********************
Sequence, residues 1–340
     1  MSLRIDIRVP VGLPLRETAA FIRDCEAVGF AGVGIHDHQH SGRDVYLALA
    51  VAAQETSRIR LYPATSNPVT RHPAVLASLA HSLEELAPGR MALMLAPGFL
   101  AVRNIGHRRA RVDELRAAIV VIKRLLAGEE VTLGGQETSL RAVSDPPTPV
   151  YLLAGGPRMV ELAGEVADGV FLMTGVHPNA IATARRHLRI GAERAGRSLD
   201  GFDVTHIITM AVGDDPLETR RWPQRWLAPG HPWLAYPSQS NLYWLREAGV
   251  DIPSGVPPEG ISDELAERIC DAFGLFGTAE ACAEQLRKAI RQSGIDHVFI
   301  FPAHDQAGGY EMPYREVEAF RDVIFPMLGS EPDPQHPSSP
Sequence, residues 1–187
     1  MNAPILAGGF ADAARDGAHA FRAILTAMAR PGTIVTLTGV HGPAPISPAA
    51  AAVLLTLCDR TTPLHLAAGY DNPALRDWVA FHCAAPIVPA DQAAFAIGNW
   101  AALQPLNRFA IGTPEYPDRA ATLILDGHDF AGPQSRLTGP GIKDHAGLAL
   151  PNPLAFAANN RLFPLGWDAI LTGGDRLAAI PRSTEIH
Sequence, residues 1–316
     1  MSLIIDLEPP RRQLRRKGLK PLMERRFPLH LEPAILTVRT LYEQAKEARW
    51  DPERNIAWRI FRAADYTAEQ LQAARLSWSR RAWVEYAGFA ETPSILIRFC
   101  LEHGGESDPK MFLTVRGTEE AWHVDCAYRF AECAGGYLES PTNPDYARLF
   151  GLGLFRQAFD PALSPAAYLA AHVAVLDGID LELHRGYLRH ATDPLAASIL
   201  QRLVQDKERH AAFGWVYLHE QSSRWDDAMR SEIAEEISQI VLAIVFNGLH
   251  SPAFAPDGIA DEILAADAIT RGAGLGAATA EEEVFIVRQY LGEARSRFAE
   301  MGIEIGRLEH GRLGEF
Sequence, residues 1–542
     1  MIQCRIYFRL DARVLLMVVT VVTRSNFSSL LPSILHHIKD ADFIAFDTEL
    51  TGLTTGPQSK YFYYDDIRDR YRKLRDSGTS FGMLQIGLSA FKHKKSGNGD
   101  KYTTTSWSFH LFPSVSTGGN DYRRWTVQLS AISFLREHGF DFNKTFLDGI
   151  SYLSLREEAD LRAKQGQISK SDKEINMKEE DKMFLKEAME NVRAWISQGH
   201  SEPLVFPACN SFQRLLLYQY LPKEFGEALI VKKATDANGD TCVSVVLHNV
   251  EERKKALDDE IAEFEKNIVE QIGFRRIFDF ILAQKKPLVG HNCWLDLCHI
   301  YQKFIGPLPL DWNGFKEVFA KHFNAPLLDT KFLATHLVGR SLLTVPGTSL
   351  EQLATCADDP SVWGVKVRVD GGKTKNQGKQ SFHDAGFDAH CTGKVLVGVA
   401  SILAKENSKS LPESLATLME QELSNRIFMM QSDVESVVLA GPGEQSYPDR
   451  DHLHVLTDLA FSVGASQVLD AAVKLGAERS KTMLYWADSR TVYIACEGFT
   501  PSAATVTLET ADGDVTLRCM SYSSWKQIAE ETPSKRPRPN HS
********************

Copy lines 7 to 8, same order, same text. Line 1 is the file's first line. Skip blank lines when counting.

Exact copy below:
   251  DIPSGVPPEG ISDELAERIC DAFGLFGTAE ACAEQLRKAI RQSGIDHVFI
   301  FPAHDQAGGY EMPYREVEAF RDVIFPMLGS EPDPQHPSSP